Indian frog 'marriage' aims to bring on monsoon rains

Two frogs have been “married” in a ceremony in the western Indian state of Maharashtra to usher in the delayed monsoon rains, a report said on Wednesday.

Residents in a suburb of Nagpur, 860km east of the state capital, Mumbai, looked on as the groom, Raja, and bride, Rani, were joined in union in a solemn ritual at the weekend, the Times of India said.

Tradition dictates that if frogs are married off with full Vedic or Hindu rituals, the rain god is pleased and the heavens will open within days. Similar ceremonies have been held across the country.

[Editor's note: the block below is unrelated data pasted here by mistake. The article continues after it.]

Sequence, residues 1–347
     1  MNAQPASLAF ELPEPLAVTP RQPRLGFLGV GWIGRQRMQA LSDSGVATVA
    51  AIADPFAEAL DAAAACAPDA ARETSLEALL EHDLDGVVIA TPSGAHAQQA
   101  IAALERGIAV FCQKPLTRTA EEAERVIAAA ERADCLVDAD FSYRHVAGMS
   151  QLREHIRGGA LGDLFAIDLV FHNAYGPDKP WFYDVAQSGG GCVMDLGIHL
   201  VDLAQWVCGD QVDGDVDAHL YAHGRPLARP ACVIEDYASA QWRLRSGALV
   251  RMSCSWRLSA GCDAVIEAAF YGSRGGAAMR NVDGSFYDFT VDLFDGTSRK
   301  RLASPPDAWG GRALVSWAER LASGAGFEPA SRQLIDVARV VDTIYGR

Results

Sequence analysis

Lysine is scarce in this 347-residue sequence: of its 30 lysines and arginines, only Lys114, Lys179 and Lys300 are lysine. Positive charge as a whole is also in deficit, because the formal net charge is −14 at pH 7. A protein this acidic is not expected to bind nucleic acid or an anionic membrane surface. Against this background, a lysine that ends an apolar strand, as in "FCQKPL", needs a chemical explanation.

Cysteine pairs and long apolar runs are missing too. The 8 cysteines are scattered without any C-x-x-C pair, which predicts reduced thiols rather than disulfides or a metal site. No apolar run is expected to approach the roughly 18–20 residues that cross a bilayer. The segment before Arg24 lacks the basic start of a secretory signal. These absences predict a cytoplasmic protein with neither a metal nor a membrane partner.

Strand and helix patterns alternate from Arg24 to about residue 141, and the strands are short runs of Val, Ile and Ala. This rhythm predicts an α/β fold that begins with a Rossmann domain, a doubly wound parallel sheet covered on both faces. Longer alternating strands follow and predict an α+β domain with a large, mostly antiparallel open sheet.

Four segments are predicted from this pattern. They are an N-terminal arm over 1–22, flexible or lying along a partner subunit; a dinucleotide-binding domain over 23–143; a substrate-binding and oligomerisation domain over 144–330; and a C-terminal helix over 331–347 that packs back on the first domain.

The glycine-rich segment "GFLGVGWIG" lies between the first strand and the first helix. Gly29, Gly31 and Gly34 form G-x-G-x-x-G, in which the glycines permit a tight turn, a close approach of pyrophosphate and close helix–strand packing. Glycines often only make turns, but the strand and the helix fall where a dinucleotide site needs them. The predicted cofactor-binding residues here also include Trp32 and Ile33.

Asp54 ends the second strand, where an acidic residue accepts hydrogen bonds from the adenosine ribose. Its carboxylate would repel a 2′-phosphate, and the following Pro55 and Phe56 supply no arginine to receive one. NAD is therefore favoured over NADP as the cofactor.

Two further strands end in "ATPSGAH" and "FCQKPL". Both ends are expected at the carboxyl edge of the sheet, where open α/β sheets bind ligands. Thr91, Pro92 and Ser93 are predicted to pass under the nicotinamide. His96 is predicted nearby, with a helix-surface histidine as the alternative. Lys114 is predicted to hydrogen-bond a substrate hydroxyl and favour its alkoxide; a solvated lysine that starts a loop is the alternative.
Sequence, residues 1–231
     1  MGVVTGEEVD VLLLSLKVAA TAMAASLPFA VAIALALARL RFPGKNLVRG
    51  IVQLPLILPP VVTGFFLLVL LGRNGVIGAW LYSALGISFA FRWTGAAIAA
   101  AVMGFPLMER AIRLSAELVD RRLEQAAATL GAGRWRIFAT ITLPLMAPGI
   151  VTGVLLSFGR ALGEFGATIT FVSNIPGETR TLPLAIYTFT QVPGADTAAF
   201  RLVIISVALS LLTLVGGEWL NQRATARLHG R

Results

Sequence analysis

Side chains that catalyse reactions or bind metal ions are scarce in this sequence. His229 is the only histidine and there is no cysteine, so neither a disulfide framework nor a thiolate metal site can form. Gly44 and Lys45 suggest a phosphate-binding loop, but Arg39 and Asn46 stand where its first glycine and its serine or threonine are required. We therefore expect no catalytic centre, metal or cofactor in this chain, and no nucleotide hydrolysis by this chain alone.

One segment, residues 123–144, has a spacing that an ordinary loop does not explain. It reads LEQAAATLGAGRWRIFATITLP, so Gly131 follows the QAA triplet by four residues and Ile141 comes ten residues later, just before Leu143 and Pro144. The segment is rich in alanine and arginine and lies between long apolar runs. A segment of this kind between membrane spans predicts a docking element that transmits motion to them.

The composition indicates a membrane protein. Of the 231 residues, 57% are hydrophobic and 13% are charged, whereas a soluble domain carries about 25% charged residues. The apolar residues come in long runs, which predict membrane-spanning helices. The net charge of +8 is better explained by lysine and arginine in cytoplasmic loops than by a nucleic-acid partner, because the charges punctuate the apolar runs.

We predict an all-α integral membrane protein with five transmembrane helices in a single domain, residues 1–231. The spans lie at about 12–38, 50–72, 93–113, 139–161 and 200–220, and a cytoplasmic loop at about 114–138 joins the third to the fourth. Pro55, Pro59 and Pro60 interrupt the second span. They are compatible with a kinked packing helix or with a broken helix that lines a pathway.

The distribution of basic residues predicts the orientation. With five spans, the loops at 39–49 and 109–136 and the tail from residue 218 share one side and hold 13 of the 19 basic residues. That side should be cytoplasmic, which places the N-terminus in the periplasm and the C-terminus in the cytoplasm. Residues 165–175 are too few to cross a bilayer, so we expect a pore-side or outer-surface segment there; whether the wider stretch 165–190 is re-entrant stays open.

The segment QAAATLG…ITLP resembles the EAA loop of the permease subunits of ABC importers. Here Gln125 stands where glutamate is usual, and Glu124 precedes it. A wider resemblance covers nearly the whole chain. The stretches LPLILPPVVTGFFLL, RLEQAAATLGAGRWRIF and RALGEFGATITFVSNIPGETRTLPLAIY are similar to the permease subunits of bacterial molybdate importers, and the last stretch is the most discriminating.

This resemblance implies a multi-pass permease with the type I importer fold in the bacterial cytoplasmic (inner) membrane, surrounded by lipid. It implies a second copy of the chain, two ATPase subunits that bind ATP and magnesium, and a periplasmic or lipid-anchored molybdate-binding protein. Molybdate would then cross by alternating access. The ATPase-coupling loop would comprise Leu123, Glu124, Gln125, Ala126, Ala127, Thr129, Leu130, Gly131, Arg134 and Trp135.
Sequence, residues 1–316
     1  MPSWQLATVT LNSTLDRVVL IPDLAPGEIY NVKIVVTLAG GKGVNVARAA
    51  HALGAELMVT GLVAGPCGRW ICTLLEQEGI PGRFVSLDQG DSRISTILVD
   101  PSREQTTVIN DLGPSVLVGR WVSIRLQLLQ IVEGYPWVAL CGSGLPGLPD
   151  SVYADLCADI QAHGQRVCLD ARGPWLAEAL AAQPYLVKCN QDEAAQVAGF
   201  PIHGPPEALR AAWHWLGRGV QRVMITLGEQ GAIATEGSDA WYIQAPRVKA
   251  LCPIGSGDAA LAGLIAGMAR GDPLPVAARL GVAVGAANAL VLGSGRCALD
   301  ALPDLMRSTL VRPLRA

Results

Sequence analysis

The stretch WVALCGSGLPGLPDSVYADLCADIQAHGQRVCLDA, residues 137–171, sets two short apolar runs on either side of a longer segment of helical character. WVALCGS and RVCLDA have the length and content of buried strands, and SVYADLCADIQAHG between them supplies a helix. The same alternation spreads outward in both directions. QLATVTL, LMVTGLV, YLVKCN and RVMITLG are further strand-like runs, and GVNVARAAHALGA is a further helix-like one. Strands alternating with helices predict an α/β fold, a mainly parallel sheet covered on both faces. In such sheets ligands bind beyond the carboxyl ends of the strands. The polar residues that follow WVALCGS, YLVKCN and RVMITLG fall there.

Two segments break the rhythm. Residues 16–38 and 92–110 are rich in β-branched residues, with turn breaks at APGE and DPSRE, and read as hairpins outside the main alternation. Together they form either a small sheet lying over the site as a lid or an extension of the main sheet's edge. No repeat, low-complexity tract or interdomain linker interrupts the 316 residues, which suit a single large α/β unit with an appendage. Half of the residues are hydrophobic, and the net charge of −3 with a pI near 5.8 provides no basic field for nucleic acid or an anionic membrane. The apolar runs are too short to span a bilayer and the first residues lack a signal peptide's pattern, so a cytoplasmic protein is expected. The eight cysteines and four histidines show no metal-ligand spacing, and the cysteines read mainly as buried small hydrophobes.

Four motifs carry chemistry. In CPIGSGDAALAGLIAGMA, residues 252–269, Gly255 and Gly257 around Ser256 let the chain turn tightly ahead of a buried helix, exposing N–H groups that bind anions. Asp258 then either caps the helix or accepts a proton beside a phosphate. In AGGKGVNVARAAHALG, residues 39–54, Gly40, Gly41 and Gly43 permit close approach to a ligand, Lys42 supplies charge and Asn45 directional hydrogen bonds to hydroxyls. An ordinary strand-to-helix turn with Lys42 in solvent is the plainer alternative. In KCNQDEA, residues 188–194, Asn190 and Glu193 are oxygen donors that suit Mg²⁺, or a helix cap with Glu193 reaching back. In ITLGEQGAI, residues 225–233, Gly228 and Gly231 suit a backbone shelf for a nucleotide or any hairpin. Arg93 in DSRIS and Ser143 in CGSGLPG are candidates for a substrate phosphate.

Indians have been watching the skies anxiously after the monsoon failed to appear two weeks ago, prompting concerns about the impact on agriculture and water supplies as lakes run dry after a long, hot summer.—AFP

.

Client Media Releases

Mandela Bay to welcome iconic solar-powered race cars
Tender awarded for SA's longest cable-stayed bridge
MTN backs SA's youth to 'think tech, do business'
Being intelligent about business data
PhD for 79-year-old theology graduate